JEE Advanced 2023 Revision Notes for Electricity and Magnetism

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JEE Advanced 2023 Revision Notes for Electricity and Magnetism - Free PDF Download

Electricity and Magnetism are two of the most fascinating topics of Physics covered in the JEE Advanced syllabus. This chapter covers the concepts of magnetism and electricity and their relationships. It will describe different fundamental principles of electrons, electronic movement, conductors, magnetic substances, magnetic fields, insulators, and semiconductors. To complete revising this chapter, refer to Electricity and Magnetism JEE Advanced notes prepared by the top experts of Vedantu.

These revision notes are compiled focusing on delivering the simplest version of all the concepts. The concise presentation of these concepts will help you prepare, revise, and recall faster and score well in the JEE Advanced exams.

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Electric Current:

  • The free electrons in an isolated metallic conductor move randomly and so the net rate of flow of charge is zero. If the potential difference is applied across the ends of that conductor, within the conductor, an electric field is set up at every point. 

  • These electric fields exert force on free electrons and give them a resultant motion in a direction opposite to that of the electric field. 

  • This flow of electrons is responsible for electric current. Thus, electric current can be defined as the rate of flow of charge through a conductor.


Types of Electric Current:

  • Direct Current (DC): In DC, all the electrons move in the same direction, all the time that the electricity flows. Example: Current produced by the batteries in torches.

  • Alternating Current (AC): In AC, the direction of the motion of the electron changes with time. Example: Power supply in-house.


Current Density: 

Current density is a vector quantity defined as the current per unit area through an infinitesimal area normal to the direction of current flow.


Drift Velocity: 

When an electric field is applied in a conductor, a force acts on each electron in the direction opposite to that of the field. The electrons start random motion. As a result, the electrons drift slowly in that direction. 

Drift velocity, $v = \dfrac{{Ee\tau }}{{2m}}$ 

$\tau$ : average time interval between two successive collisions

E: electric field

$e:$ charge on an electron

$m$ : the mass of an electron.

Therefore,

Current, $i=nAv_e$

Current density, j =$\dfrac{i}{A}$  = $nAv_e$


Ohm’s Law:

If the physical conditions of conductor (temperature, length etc.) remain constant, then the current in the conductor is directly proportional to the potential difference across the conductor.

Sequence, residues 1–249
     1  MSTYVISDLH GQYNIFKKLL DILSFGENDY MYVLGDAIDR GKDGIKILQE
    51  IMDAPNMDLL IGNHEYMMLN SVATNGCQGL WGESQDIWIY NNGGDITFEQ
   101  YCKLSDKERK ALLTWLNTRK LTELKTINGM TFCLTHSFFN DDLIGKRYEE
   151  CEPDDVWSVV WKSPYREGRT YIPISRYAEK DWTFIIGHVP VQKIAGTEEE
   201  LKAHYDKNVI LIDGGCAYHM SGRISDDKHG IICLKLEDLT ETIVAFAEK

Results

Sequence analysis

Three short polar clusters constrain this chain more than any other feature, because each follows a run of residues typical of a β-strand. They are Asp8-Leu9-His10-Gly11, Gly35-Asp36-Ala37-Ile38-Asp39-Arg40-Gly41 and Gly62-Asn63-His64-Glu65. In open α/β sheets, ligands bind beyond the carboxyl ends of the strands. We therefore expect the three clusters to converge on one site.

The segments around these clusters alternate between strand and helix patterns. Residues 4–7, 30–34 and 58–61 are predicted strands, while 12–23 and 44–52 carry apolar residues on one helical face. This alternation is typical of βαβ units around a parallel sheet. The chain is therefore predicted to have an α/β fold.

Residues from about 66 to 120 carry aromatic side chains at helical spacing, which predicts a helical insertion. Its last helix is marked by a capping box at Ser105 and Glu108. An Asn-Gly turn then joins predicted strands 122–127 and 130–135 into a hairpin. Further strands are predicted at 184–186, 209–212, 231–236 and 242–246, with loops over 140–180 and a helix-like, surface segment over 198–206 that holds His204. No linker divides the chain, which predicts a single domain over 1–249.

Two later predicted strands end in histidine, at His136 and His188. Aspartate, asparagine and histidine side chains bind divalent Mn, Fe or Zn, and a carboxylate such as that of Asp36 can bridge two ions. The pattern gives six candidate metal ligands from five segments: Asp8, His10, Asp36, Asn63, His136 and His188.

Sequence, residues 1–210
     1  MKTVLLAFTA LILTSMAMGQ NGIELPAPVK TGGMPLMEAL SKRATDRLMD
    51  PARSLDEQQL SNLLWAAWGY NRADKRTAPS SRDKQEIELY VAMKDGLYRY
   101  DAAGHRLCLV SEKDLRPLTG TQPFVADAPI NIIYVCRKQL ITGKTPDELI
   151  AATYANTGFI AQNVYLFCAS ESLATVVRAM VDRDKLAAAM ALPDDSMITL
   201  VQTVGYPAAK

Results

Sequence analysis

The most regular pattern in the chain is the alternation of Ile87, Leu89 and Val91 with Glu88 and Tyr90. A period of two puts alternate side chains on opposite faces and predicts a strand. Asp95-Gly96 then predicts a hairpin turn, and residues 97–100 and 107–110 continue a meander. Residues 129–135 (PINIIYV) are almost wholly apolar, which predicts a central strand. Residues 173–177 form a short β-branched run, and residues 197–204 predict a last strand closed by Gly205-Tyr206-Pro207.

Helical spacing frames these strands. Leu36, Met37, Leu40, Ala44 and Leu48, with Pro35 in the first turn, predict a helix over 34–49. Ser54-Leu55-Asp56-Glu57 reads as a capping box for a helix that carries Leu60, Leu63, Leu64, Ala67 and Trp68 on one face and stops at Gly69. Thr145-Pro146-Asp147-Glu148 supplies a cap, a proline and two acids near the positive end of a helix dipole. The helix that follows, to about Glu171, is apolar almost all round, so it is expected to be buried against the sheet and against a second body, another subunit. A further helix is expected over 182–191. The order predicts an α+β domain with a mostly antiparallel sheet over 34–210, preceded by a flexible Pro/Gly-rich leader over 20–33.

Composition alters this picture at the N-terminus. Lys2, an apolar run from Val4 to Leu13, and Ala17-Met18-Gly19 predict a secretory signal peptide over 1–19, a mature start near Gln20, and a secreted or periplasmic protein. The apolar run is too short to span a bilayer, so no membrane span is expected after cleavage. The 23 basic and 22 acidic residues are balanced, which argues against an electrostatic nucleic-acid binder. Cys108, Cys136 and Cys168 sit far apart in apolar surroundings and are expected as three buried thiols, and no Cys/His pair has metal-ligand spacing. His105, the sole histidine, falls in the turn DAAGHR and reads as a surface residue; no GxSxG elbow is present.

$V~\propto~I$

$V=I~R$

Where,

R- The resistance and a proportionality constant


Combination of Resistances:

  • Series Combination: $R = {R_1} + {R_2}$ 

  • Parallel Combination: $\dfrac{1}{R} = \dfrac{1}{{{R_1}}} + \dfrac{1}{{{R_2}}}$ 


Kirchhoff's Law:

  • First Law (KCL): The algebraic sum of currents at any junction is equal to zero. i.e., $\sum_{i=0}^{n}~{i_n}=0$

  • Second Law (KVL): The algebraic sum of potential drop across all circuit elements in a closed loop is equal to zero. i.e., $\sum_{i=0}^{n}~{V_n}=0$


Wheatstone Bridge:

It is a special type of network of resistances, commonly used for comparing resistances. It is used to find unknown resistance in terms of three known resistances. It consists of five resistances, of which four resistances are connected in the form of a bridge.


Wheatstone Bridge


Wheatstone Bridge

For the balanced bridge, no current flows through the galvanometer.

PS = RQ

If the positions of the battery and the galvanometer are interchanged, then there will still be no deflection in the galvanometer.


Electricity:

  • Electricity is concerned with the movement of electric charges.

  • An electric charge is a scalar quantity with Coulomb as its unit.

  • Static electricity or frictional electricity is electricity generated by friction between two bodies, such as the production of an electric charge by rubbing a plastic comb against dry hair.


Coulomb Law:

  • The electrostatic force of interaction between two charge locations is proportional to the scalar multiplication of their magnitudes and inversely proportional to the square of their distance.